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Why has Monsanto sued farmers who, by no fault of volition of their own, had their crops contaminated by GMO pollen blown into their fields?

Submitted by: admin


Expert response from Kelly Clauss

Global Communications Strategy Lead, IT, Bayer Crop Science

Thursday, 15/08/2013 14:43

Monsanto has never sued a farmer when trace amounts of our patented seeds or traits were present in the farmer’s field as an accident or as a result of inadvertent means.  It is truly that simple, and we have publicly committed:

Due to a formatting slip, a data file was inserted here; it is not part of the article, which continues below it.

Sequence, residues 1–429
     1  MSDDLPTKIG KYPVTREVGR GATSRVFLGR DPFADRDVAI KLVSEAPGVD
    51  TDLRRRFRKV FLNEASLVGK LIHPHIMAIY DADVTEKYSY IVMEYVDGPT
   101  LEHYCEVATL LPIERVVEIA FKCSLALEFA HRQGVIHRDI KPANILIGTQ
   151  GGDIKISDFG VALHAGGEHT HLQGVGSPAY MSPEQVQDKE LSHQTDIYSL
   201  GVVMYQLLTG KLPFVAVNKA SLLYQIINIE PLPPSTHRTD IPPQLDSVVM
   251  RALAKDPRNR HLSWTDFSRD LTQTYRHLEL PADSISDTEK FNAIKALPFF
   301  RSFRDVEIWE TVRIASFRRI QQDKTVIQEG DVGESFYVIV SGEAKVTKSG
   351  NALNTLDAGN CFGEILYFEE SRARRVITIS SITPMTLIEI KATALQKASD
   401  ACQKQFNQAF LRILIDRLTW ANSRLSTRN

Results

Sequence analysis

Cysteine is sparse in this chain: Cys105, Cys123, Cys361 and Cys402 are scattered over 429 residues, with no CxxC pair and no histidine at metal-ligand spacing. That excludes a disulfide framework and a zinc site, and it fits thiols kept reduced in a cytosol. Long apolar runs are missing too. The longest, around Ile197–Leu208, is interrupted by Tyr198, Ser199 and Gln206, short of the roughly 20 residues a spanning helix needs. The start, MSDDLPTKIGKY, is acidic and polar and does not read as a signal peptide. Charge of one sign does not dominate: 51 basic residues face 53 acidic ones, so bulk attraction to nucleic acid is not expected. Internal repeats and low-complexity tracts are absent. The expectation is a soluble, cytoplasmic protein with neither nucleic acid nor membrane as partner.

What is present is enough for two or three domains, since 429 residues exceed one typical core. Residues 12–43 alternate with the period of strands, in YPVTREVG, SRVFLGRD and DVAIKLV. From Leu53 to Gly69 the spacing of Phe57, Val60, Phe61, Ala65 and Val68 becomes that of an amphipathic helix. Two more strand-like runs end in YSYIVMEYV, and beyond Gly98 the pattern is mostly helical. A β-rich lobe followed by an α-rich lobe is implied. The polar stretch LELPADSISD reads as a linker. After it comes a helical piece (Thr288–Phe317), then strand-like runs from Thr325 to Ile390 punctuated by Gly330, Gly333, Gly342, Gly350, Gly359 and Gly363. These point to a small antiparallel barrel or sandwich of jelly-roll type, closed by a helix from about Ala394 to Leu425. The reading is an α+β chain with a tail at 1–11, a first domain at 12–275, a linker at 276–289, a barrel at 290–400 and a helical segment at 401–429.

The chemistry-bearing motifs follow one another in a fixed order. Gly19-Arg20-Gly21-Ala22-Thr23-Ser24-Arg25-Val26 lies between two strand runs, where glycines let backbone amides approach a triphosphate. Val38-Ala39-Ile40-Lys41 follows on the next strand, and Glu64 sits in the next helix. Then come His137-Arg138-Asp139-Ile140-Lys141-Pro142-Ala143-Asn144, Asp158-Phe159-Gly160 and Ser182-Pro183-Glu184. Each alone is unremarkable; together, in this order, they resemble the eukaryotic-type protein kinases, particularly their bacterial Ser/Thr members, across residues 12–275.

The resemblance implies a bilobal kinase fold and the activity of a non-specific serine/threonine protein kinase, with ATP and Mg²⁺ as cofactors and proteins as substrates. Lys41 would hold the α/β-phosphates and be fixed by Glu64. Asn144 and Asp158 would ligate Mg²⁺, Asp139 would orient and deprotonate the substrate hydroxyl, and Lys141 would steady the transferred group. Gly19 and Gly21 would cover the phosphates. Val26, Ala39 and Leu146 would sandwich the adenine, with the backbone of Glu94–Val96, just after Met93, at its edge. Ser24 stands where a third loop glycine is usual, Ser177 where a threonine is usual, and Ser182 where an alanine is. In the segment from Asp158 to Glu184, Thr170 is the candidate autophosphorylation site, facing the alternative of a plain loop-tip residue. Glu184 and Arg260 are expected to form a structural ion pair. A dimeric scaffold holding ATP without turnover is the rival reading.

“It has never been, nor will it be, Monsanto’s policy to exercise its patent rights where trace amounts of our patented seeds or traits are present in a farmer’s fields as a result of inadvertent means.”


The misperception that Monsanto would sue a farmer if GM seed was accidentally in their field likely began with Percy Schmeiser, who was brought to court in Canada by Monsanto for illegally saving Roundup Ready canola seed.  Mr. Schmeiser claims to this day the presence of Monsanto’s technology in his fields was accidental – even though three separate court decisions, including one by the Canadian Supreme court, concluded his claims were false.